In Struggle

In Struggle Cover

In Struggle

Sncc and the Black Awakening of the 1960s

By Martin Luther King, Jr.; Clayborne Carson

Harvard University Press, Paperback, 9780674447271, 384pp.

Publication Date: April 3, 1995

Description

With its radical ideology and effective tactics, the Student Nonviolent Coordinating Committee (SNCC) was the cutting edge of the civil rights movement during the 1960s. This sympathetic yet even-handed book records for the first time the complete story of SNCC's evolution, of its successes and its difficulties in the ongoing struggle to end white repression.

At its birth, SNCC was composed of black college students who shared an ideology of moral radicalism. This ideology, with its emphasis on nonviolence, challenged Southern segregation. SNCC students were the earliest civil rights fighters of the Second Reconstruction. They conducted sit-ins at lunch counters, spearheaded the freedom rides, and organized voter registration, which shook white complacency and awakened black political consciousness. In the process, Carson shows, SNCC changed from a group that endorsed white middle-class values to one that questioned the basic assumptions of liberal ideology and raised the fist for black power. Indeed, SNCC's radical and penetrating analysis of the American power structure reached beyond the black community to help spark wider social protests of the 1960s, such as the anti-Vietnam War movement.

Carson's history of SNCC goes behind the scene to determine why the group's ideological evolution was accompanied by bitter power struggles within the organization. Using interviews, transcripts of meetings, unpublished position papers, and recently released FBI documents, he reveals how a radical group is subject to enormous, often divisive pressures as it fights the difficult battle for social change.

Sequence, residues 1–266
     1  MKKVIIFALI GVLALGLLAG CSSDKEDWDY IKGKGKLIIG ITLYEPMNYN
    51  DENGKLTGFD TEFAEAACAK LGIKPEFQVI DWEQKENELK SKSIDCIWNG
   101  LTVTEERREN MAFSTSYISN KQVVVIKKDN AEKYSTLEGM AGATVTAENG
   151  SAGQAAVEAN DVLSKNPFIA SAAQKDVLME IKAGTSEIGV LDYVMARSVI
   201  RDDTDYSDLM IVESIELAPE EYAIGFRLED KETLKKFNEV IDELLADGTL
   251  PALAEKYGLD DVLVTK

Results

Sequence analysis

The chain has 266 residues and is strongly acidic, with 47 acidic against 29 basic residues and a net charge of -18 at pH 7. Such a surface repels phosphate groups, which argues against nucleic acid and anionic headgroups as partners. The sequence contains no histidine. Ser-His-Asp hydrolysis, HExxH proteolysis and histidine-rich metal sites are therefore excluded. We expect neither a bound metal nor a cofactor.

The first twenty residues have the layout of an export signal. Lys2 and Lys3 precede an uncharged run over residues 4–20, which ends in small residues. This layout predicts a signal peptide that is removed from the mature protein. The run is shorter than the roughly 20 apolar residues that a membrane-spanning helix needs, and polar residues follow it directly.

About the Author
Martin Luther King, Jr. (January 15, 1929 - April 4, 1968) was a famous leader of the American civil rights movement, a political activist, and a Baptist minister. In 1964, King became the youngest man to be awarded the Nobel Peace Prize for his work as a peacemaker, promoting nonviolence and equal treatment for different races. On April 4, 1968, Dr. King was assassinated in Memphis, Tennessee. In 1977, he was posthumously awarded the Presidential Medal of Freedom by Jimmy Carter. In 1986, Martin Luther King Day was established as a United States holiday. Dr. King often called for personal responsibility in fostering world peace.King's most influential and well-known public address is the "I Have A Dream" speech, delivered on the steps of the Lincoln Memorial in Washington, D.C.

Clayborne Carson, Palo Alto, California, is professor of history and founding director of the Martin Luther King, Jr., Research and Education Institute at Stanford University. He is also the author of "In Struggle: SNCC and the Black Awakening of the 1960s".